Joe Dutra, CEO of Kimmie Candy in Reno, also owns Westech NV Inc., a Reno-based agricultural company. He moved both companies to Nevada because of “great tax incentive.”

Under the proposed initiative, Dutra estimated that he could pay as much as $140,000 for both of his companies.

“All the sudden you get to the end of the year, and you haven’t made any money, or very little for the amount of risk that you have to take,” he said.

This summer, he plans to “push hard” to try defeating the tax.

The agricultural company, which exports corn seed, alfalfa seed, wheat and barley, operates under high volume and low margins.

“That’s the one that’s affected the most, but it’s also the one I can move the easiest,” he said.

Prospective western Nevada companies in manufacturing and technology threatened to take their business to other states, Kazmierski said, although he declined to identify them.

The group’s Southern Nevada counterpart, the Las Vegas Global Economic Alliance, is “looking into and evaluating the potential impacts of Question 3,” but the board hasn’t taken a public stance on the issue, spokesman Andrew Doughman said.


The teachers union calls the initiative “predictable dedicated K-12 revenue.” But opponents fear that if the tax is approved lawmakers could decide to move money from the state’s school account to another part of the budget, negating the money from the tax.

“We all want our children to have a good education, but this isn’t the solution,” said Karen Griffin, spokeswoman for the Coalition to Defeat the Margin Tax Initiative.

The proposal gives business owners three deduction options: take 30 percent from gross revenue, meaning 70 percent of revenue would be taxed at 2 percent; salaries up to $400,000; or the cost of goods and services.

“That’s the problem with this bill: 2 percent is a lot of money on revenue,” Merrihew said. “I have to pass this on to the consumer. I have to include it in every job I do, and I’m increasing the cost of goods to the consumer.”

The tax could be the equivalent of two or three of her 35 employees.

“From the recession, just this year, we started to see more positive signs of a healthier economy,” Merrihew said. “And now to have this on your plate, you wonder if you’re even going to make it.”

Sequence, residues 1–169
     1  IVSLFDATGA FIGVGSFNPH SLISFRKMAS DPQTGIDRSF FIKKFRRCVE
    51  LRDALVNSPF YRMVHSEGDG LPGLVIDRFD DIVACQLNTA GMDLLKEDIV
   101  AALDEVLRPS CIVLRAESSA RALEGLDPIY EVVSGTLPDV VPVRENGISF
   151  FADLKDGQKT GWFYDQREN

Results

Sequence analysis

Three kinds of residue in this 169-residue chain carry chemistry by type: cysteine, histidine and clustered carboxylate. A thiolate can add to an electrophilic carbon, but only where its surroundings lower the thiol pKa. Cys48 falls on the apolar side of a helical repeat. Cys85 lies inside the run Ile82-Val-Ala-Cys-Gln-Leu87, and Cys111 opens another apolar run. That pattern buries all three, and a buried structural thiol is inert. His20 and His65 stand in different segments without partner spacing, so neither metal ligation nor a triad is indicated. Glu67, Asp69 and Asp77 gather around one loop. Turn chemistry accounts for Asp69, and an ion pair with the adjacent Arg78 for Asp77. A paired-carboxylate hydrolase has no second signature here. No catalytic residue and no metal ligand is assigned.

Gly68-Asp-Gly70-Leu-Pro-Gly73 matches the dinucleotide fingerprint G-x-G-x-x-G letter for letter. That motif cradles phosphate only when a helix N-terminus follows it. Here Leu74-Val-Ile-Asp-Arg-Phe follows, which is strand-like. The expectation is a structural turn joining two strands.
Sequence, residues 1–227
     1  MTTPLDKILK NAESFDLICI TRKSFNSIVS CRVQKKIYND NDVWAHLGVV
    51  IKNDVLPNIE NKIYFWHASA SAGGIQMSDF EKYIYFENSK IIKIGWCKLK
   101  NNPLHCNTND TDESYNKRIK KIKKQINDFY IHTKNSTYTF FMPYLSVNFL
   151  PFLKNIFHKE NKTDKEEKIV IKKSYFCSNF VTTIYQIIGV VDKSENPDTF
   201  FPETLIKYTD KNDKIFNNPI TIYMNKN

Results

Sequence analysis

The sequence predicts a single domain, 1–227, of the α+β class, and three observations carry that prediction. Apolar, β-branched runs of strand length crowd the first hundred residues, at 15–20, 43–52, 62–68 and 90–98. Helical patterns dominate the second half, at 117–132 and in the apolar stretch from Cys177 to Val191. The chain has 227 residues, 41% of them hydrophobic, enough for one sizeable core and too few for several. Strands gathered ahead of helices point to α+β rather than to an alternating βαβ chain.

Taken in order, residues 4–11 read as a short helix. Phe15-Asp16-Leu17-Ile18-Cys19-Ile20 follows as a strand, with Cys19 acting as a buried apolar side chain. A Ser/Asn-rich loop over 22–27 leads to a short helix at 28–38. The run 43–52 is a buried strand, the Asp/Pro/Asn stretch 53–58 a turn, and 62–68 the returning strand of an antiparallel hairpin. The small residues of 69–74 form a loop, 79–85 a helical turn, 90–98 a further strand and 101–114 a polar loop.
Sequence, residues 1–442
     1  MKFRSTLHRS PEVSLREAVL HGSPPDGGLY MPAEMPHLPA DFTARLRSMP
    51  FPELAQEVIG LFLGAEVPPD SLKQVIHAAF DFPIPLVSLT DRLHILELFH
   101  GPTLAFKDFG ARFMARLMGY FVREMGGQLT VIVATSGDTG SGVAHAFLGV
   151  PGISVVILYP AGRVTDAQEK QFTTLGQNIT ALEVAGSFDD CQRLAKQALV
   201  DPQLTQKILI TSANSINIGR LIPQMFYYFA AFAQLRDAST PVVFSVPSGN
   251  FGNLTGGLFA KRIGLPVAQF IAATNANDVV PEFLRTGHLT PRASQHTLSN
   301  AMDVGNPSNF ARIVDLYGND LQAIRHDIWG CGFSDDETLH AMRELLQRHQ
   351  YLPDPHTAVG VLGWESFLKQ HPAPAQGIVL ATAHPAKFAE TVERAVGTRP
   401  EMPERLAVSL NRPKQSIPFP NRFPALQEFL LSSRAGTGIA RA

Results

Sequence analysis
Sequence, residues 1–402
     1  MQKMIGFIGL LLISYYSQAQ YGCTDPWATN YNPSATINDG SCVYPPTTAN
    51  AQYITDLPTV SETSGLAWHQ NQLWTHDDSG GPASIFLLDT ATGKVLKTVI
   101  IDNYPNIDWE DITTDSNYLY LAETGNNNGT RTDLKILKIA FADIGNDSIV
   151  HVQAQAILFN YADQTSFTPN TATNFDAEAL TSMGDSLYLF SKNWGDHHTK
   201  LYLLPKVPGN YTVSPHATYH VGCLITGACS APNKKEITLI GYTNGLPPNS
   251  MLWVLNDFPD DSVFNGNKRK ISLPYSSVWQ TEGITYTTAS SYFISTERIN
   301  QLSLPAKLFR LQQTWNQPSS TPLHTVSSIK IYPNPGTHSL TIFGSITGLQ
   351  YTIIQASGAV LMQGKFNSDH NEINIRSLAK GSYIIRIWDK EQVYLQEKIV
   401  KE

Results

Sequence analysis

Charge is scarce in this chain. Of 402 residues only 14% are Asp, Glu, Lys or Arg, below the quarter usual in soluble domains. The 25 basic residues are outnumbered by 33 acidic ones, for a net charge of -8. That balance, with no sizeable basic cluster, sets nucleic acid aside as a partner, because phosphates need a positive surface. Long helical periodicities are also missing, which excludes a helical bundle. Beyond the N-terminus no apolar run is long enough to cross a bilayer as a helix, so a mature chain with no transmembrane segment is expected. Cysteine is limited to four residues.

Jack Mallory, governmental affairs director for the International Union of Painters and Allied Trades District Council 15, said the group was “deeply concerned” about how the tax could trickle down to workers.

The union represents about 3,000 painters, drywall workers, glaziers, glass workers and floor coverers in Southern Nevada, and the tax could be a heavier burden on contractors who operate on a narrow profit margin.

“There are so many unknown things about this proposal, it’s impossible to tell what the impact will be primarily on our industry, let alone what the secondary impact is going to be,” Mallory said.


Meadows Bank President Arvind Menon sees a potential domino effect.

If small businesses suffer, that could hurt the bottom line at Meadows Bank, which focuses on small-business loans and employs about 105 people.

“It’ll have a huge impact,” Menon said, although he did not envision having to lay anyone off because of the tax. “It’s like any other expense that affects your bottom line. When that happens, it just has a negative impact on growth.”

Bank of Nevada President John Guedry has spoken out against the tax on behalf of the Las Vegas Metro Chamber of Commerce.

He agrees with Menon.

“The indirect (impact) is actually our bigger concern,” Guedry said. “We’re a business bank, so anything that’s bad for business or business growth is bad for us.”

Contact reporter David Ferrara at 702-387-5290 or dferrara@reviewjournal.com. Follow @randompoker on Twitter: